Our phenomenal red 1965 Ford Mustang GT convertible for Self Drive Hire has the 289 cubic inch (4.7 litre) V8 with automatic gearbox, front disc brakes, black power roof, front inertia reel seat belts and manual steering. This Mustang GT is the only one of its kind in the UK for self drive hire. Call 07800 592058.
Hire one today from only £265* per day for a truly incredible experience. Check out our other cars using the menu bar above. We also have a 1971 Corvette Stingray Convertible, a green 1970 Ford Mustang Convertible and a 1967 Chevrolet Camaro Convertible. (* Thursday special)
For a car enthusiast, the Ford Mustang is the car that brought sporting dash and styling at a price almost anyone could afford. The Mustang has never been an exotic car but that hasn’t kept it from capturing the hearts of drivers for nearly 40 years with the first generation cars having the purest lines and more compact shape.
First Generation (1964 1/2-1966); The production Mustang was shown to the public for the first time at the New York World’s Fair on April 17, 1964. It went on sale at Ford dealers that same day. The “1964 ½” productionMustang followed two Mustang concept cars. Compared to every other American car then in production, except the Corvette, the Ford Mustang was gorgeously sleek. To make the Mustang affordable it needed to share much of its engineering with an existing Ford product, the Falcon.
Initially offered as either a notchback coupe or convertible, the Mustang’s unibody structure was laid over a 108-inch wheelbase and stretched out 181.6 inches from bumper to bumper. While it shared its front double-wishbone/coil spring and leaf spring rear suspension as well as its overall length with the Falcon, the proportions of the Ford Mustang were different. Its cockpit was pushed further back on the chassis, resulting in a longer hood and shorter rear deck design, and both its roof and cowl were lower.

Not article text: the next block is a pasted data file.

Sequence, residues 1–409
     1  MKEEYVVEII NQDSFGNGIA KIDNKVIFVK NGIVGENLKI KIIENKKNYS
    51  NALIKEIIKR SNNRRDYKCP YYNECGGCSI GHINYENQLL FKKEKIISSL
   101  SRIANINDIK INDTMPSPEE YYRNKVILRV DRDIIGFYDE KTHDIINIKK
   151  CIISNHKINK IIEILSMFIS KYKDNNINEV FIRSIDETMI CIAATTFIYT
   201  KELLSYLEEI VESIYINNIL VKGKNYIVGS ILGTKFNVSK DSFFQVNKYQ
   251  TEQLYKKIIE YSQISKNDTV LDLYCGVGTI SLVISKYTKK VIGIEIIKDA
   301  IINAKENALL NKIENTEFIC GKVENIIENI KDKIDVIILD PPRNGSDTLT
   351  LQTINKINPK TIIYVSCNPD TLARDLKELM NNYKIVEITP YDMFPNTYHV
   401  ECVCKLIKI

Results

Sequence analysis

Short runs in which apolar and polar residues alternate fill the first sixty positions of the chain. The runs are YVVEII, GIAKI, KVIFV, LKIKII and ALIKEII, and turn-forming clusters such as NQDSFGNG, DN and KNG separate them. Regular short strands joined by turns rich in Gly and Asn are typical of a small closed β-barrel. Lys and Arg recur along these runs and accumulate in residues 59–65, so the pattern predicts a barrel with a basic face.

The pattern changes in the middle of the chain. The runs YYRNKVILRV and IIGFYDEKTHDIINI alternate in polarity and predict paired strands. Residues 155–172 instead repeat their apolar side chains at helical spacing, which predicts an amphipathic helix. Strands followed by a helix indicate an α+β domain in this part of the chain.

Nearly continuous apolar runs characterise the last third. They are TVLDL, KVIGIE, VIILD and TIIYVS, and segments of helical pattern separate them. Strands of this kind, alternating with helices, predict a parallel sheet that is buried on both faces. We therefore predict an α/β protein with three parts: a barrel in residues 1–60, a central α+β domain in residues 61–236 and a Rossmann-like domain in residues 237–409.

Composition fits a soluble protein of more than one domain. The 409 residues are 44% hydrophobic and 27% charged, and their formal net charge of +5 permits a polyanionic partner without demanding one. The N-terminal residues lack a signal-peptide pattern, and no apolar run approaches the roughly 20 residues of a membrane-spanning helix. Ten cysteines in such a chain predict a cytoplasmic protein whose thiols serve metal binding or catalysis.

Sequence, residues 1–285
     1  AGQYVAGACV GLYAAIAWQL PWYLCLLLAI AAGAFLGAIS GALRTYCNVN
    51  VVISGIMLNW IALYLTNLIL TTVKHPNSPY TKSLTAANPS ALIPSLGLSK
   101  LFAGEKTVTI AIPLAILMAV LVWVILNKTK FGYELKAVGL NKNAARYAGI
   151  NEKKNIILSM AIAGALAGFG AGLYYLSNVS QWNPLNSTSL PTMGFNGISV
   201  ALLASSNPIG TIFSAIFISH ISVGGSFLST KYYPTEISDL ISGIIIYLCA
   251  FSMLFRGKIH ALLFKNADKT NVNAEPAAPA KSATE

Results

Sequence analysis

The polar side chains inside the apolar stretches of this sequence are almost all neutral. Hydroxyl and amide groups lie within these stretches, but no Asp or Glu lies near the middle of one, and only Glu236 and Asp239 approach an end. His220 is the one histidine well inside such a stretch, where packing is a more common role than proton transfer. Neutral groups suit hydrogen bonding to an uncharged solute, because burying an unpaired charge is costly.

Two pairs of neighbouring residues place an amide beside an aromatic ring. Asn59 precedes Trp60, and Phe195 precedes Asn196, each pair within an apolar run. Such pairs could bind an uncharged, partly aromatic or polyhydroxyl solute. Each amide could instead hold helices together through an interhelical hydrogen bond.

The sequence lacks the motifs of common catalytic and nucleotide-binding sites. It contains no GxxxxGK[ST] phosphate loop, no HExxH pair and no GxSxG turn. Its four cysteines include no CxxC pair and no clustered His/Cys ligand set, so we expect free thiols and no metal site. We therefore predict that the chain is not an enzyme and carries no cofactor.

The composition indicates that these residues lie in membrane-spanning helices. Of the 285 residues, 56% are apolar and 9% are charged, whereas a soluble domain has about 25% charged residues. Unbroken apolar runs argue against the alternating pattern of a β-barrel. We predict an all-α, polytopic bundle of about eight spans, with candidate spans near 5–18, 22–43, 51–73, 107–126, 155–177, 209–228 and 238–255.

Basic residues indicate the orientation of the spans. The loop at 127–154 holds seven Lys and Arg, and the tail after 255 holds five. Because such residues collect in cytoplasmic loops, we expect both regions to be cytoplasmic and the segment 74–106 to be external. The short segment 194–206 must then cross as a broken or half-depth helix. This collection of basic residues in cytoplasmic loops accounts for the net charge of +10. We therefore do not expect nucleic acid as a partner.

It’s with those proportions — detailed with such iconic touches as the running horse in the grille, the side scallops along the flanks and the taillights divided into three sections — that the Mustang became a car people were instantly passionate about. Engine choices started with the 170-cubic-inch (2.8-liter) OHV straight six that made just 101 horsepower; then proceeded through a 200-cubic-inch (3.3-liter) OHV straight six rated at 116 horsepower; a 260-cubic-inch (4.3-liter) OHV V8 breathing through a two-barrel carburetor and making 164 horsepower; a 210-horsepower two-barrel-equipped 289-cubic-inch (4.7-liter) V8; a four-barrel 289 making 220 horsepower; and, at the top, the famous “K-code” high-compression, solid-lifter, four-barrel 289 pumping out a lusty 271 horsepower.
A three-speed manual transmission was standard with every engine except the 271-horsepower 289ci, which was available only with the four-speed manual that was optional on other models. The Cruise-O-Matic three-speed automatic transmission was also offered. Even Ford was shocked at America’s appetite for the Ford Mustangduring ’65. It sold an astounding 409,260 coupes, 77,079 2+2 fastbacks and 73,112 convertibles that year. That’s a total of 559,451 Mustangs for the ’65 model year and total sales of 1,288,557 Mustangs over just two-and-a-half years?
Also find a full review of our Camaro in the December 2010 issue of Classic and Sports Car from their back issues section.